By Phil Hall | November 5, 2002

Jimmy Traynor, the dynamo who turned out 150 films in the past decade, is back with yet another feature where he rules before and behind the camera. This time it is “Jealousy,” which can be considered a two-thirds hit and a one-third mistake.
“Jealousy” takes place in Los Angeles (it is the first film which Traynor created outside of his native Baltimore) and is anchored in the world of indie cinema. But relax…this is not another movie about making movies. Instead, Traynor is cast as Jason, a mild-mannered young man who handles the tech-support needs for a film production company. Jason is elated because his fiancé Lisa (Doralina Silander), an actress who has been trying to pursue a career on the East Coast, is going him for an extended visit. To his surprise, Lisa immediately finds herself reunited with pals from her acting school days and the time planned for Jason is quickly reconfigured as Lisa becomes the new center of local attention.
When not catching up with old friends, Lisa’s charm enables her to make new friends very quickly. In the film’s most amazing sequence, a party at the home of Jason’s boss becomes a festive evening for Lisa as everyone is bowled over by her wit and personality. Poor Jason, however, is isolated from Lisa and his discomfort turns to a quiet seething as his eyes betray a growing jealousy of Lisa’s popularity and a hatred of those newly attracted to her presence. Traynor brilliantly underplays this sequence, keeping his body still as his eyes narrow and his mouth tightens slightly while he looks on from the isolation of his ignored section of the party. Credit is also deserving here for Greg Hatanaka’s subtle camerawork, which navigates the tight physical spaces of the party to reflect this sudden yet silent rupture in Jason’s world. (And pay close attention to the production design here: the use of posters for small-scale flicks such as “Yellow” and “Just a Little Harmless Sex” offer a nice touch for a film rooted in the indie orbit.)
The day after the party, Jason’s trust in Lisa evaporates when he discovers a pack of condoms in her suitcase and when he fields a mysterious call on the cell phone she accidentally left in his apartment when she went out on an errant. The caller claims that Lisa is not a paragon of virtue and Jason snaps. He is taken to stalking Lisa as she makes her way through her new circle of friends, following her footsteps and methodically killing off each person who has shown an interest in her.
As a thriller, “Jealousy” works beautifully in tracing the mental collapse of Jason into the darkness of his worst fears. Traynor captures the mental isolation in a wonderfully measured performance. His physical presence is quietly terrifying as his character’s rage builds; a scene on the beach, where he stands in the distance eyeing a hunky guy who briefly chats with Lisa, is a masterwork of physical control as his stooped shoulders and angry squint telegraph the sense of anguish and frustration boiling in the conversation between his comely beloved and his athletic imagined foe. Even in his romantic scenes with leading lady Silander, Traynor offers a superb balance between agony and ecstasy–his voice and body language offer a mature presentation of the growing repulsion of her supposed unfaithfulness even though he continues his desire to possess her totally.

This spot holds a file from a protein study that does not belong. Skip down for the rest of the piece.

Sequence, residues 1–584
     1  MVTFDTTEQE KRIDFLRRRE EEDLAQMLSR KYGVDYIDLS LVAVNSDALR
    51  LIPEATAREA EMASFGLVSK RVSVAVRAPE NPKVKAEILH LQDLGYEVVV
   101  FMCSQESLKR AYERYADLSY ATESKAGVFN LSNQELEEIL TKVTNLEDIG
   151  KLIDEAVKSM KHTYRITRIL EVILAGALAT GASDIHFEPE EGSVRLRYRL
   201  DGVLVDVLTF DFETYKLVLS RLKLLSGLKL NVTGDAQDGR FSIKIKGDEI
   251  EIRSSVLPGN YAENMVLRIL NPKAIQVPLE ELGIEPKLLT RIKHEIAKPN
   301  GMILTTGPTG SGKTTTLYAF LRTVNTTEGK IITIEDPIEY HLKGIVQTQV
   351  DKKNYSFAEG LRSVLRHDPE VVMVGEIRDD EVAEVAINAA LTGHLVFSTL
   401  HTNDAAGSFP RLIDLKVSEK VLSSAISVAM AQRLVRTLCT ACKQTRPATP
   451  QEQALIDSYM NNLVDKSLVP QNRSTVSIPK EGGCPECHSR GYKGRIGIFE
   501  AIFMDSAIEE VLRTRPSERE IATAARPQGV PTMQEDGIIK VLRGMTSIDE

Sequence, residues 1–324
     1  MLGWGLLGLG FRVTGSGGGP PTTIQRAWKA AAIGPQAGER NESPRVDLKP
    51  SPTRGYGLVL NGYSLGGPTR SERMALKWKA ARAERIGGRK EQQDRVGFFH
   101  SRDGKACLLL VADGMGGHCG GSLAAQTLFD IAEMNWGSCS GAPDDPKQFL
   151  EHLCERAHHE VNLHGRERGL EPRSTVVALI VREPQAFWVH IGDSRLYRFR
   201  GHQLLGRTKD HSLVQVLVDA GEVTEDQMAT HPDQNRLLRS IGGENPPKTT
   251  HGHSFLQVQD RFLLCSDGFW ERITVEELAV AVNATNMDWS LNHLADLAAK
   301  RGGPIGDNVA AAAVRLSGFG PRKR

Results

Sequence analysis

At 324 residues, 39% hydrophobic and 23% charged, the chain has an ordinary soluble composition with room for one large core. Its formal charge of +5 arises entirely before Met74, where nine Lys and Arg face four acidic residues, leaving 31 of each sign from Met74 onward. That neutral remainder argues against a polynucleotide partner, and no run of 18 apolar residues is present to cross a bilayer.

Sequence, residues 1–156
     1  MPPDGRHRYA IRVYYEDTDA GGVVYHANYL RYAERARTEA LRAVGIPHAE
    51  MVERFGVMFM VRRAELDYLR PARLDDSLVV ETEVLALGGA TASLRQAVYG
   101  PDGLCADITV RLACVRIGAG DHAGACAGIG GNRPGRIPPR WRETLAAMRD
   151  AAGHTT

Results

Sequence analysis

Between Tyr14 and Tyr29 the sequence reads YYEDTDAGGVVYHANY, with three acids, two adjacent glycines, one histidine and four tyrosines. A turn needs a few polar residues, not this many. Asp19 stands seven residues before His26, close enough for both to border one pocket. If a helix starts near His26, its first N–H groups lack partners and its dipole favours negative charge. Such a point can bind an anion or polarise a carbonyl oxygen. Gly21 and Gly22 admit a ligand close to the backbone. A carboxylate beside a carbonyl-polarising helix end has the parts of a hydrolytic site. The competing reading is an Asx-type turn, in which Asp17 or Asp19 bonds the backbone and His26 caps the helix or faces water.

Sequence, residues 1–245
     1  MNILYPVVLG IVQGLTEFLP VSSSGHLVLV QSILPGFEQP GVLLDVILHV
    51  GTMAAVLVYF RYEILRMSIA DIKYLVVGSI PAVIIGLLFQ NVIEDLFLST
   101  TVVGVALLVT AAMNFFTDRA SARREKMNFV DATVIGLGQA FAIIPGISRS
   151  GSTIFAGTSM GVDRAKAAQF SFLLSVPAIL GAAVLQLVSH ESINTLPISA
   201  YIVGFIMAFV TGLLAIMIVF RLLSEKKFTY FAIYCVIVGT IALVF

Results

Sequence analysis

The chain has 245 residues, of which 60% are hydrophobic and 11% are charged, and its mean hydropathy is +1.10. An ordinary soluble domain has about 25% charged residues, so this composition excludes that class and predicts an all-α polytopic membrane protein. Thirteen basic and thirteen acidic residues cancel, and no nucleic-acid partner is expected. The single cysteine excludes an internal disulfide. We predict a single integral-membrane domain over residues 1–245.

Unfortunately, Traynor doesn’t know when or how to bring this drama to a close. As the story feels like it is arriving at its goal, there are suddenly several different endings that supersede each other. One feels like it comes from Alfred Hitchcock’s TV series, followed by one which will recall the denouement of “An Occurrence at Owl Creek Bridge,” followed by the abrupt switch in location and a rush of new characters that feels as if a totally different movie was tacked on to “Jealousy.” I won’t give away the surprise of the new setting, but the real surprise is why Traynor decided to shift gears and devote the final 20 minutes of the film (with more plot twists added) to a train of thought which bears absolutely no resemblance to anything that came before it.
Traynor’s winning personality carries most of the final section of the film, and his Superman-style leap across a bedroom in pursuit of carnal satisfaction almost makes this part of the film worth watching. Some diversion can also be enjoyed during this time with the brief yet striking presence of Jabari Simba, an actor who is so cartoonishly muscular that he makes Vin Diesel look like Pee-Wee Herman in comparison. Yet the final section nonetheless seriously dilutes the effectiveness of “Jealousy” and cheats both the audience and the film. This is a shame since “Jealousy” builds for its first two-thirds to the expectation of a bang…and it ends with, of all things, the wimpiest of whimpers.

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